An important cost of water supply relates to its conduction from the place of production to place of consumption. Consequently, the nearer a water source is to a city, the more attractive it will be as exploitable resource. Generally, urban users can pay much more for each unit of water volume because transportation costs are divided among individuals and companies.
The hydrological sector constitutes a system depending on activities and processes, among them are agriculture and fishing, energy, industry, transportation, population dynamics, ecosystem preservation, recreation. As such, its integrated planning must take into account the available previsions of the development of these activities and processes. Uncertainties in determining these changes in development will affect the quality and even the validity of planning strategies.
In Argentina, the policies for water management were created as a response to regional growth and to problems that appeared during its development. The nation first, and the provinces later, followed this process and this is how currently there is a great disparity of criteria along the country. In many provinces, there is no water legislation that accounts for an integrated approach to this issue. Nevertheless, different institutions were created that coordinate, administer and regulate the development and management of water resources. With respect to a price for water, no policy has been applied to encourage its efficient use. The value of the canon is generally insignificant and fixed by political criteria more than by economic efficiency. In many cases, it is counterproductive in the sense that it provides free access to agriculturists inexperienced in irrigation systems, leading to elevation of groundwater table and salinization (Capurro et al, in preparation).
The use of water for agricultural use in Argentina depends on the provinces, which have the political right to manage their natural resources. The pampas region in Argentina, which concentrates most of the country's population, industrial activity and agricultural activity, is a great demanding area of water. An increase in demand is expected, not only due to urban growth or industrial activity, but also due to the important appearance of irrigation. For this reason, it is necessary to define water management strategies considering all the elements in the water equation.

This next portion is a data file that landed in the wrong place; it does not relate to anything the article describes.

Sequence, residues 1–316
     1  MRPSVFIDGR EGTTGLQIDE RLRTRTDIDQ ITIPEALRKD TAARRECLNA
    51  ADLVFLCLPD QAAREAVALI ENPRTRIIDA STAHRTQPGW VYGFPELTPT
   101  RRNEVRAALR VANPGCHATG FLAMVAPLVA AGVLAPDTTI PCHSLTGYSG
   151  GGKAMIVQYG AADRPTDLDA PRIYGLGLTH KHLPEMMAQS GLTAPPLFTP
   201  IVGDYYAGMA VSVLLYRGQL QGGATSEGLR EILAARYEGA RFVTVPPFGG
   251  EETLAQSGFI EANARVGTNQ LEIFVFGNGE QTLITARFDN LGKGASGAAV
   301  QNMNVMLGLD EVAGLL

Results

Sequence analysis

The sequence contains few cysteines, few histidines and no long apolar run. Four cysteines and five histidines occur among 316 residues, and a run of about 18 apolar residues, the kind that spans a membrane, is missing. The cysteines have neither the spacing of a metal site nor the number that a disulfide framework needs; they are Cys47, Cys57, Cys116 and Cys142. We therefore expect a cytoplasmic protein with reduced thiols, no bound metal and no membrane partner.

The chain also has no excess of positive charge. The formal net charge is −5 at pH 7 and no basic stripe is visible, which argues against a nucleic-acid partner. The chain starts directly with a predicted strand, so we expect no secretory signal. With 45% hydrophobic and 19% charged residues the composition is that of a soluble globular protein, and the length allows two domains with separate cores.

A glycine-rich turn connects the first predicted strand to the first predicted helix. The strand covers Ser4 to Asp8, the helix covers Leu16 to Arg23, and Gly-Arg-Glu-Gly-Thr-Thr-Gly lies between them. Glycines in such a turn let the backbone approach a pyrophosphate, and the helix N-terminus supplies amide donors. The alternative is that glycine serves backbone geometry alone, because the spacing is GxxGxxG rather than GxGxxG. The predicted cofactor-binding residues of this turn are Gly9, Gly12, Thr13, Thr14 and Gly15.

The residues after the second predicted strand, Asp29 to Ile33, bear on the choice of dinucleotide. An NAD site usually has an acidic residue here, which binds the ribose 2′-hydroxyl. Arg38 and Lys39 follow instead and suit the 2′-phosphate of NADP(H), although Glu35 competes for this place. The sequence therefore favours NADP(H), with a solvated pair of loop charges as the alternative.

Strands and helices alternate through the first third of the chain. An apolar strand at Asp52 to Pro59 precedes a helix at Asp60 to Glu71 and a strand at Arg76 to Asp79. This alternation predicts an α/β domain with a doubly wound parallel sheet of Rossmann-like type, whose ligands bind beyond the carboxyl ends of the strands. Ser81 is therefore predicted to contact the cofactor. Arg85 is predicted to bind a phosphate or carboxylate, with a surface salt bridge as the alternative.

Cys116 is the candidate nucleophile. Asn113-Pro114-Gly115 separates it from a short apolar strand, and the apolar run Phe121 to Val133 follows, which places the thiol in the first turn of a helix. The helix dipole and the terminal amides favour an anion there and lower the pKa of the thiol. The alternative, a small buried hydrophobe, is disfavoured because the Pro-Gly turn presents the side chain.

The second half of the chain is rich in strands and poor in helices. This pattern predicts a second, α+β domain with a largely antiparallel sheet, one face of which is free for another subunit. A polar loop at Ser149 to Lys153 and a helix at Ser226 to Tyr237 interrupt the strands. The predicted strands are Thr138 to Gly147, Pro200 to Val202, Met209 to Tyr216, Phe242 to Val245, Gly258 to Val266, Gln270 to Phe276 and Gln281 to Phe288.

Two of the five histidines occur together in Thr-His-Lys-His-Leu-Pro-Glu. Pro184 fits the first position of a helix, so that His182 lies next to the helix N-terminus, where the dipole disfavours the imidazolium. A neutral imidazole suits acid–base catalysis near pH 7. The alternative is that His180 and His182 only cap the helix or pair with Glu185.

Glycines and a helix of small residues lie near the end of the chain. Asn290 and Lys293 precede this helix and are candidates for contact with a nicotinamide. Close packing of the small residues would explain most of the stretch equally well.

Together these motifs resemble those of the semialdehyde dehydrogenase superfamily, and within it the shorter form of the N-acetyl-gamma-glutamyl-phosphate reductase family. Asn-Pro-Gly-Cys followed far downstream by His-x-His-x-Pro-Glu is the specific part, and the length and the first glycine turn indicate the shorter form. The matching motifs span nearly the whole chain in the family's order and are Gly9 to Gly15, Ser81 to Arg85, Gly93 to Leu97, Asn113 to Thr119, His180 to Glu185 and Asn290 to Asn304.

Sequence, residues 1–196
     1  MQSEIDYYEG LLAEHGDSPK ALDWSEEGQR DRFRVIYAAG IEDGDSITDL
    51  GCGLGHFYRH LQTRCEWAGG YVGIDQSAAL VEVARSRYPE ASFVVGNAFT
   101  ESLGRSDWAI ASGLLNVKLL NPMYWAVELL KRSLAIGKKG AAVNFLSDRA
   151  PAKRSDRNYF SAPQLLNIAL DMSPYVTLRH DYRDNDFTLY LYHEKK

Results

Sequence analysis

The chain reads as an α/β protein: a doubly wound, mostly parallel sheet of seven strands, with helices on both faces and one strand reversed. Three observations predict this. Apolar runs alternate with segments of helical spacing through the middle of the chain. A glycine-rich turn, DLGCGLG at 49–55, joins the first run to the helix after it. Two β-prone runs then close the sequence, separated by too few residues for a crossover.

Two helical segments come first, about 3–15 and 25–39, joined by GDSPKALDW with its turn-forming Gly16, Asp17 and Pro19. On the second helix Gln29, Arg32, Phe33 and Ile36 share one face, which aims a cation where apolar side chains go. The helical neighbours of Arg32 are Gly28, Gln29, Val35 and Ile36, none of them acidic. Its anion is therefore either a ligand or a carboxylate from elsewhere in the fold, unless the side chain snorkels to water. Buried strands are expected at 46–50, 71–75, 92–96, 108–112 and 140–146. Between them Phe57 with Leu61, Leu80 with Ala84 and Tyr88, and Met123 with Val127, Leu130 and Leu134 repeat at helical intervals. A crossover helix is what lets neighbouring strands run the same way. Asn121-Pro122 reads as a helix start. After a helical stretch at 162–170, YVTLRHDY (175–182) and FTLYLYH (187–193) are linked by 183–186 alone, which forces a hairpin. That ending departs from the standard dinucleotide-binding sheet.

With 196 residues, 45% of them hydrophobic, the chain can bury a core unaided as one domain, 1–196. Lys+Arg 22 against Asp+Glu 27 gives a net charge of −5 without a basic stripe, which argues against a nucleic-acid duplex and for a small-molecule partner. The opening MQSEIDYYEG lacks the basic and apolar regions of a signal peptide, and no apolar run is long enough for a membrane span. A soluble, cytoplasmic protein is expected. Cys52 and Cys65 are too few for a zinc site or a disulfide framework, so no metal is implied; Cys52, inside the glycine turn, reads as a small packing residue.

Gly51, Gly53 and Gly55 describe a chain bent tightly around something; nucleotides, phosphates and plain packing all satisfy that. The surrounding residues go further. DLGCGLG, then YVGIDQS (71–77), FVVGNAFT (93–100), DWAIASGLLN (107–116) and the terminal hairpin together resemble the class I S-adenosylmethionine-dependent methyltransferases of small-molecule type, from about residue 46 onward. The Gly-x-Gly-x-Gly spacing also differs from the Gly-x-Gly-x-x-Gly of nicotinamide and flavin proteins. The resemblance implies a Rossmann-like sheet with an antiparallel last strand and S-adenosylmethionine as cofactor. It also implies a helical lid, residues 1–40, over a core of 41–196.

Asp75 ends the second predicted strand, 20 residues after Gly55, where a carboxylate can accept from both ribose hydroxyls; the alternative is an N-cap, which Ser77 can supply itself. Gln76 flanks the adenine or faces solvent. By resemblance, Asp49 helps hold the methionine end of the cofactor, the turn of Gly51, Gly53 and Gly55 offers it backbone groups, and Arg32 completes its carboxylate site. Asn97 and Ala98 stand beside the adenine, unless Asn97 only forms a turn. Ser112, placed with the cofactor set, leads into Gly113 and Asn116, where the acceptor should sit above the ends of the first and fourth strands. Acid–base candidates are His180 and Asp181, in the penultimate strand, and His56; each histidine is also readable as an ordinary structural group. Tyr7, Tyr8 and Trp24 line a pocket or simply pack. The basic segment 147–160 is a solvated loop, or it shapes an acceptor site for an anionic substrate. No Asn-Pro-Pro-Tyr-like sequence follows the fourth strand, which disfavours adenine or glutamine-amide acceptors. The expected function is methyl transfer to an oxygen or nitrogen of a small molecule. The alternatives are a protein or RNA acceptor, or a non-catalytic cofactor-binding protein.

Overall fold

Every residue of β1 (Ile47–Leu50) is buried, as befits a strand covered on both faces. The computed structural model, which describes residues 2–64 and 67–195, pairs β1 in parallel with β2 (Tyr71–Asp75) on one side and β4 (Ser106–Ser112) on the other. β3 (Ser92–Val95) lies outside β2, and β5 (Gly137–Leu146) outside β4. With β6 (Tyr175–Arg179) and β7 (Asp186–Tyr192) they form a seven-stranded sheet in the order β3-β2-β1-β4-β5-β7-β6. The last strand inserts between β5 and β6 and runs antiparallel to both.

The purpose of this study is to propose policies that allow for equitable water allocation between competing activities in the Reconquista River Basin, located in the Province of Buenos Aires (Argentina). This area expands to the northwest of the greatest metropolitan area of Argentina, the Metropolitan Area of Buenos Aires (MABA). The waterhead of this basin is located in a predominantly agricultural and agro-industrial area. Towards the river's mouth, urban and industrial density increases, as well as its pollution levels. Most of the basin lacks sanitation infrastructure, and the main water supply are the underground aquifers and water tables nearer the surface, in some cases contaminated with fecal bacteria and industrial pollutants.
To accomplish this objective, it is necessary to understand the underlying interaction of population in environment, in terms of different types of transitions and their stabilization. The information used was: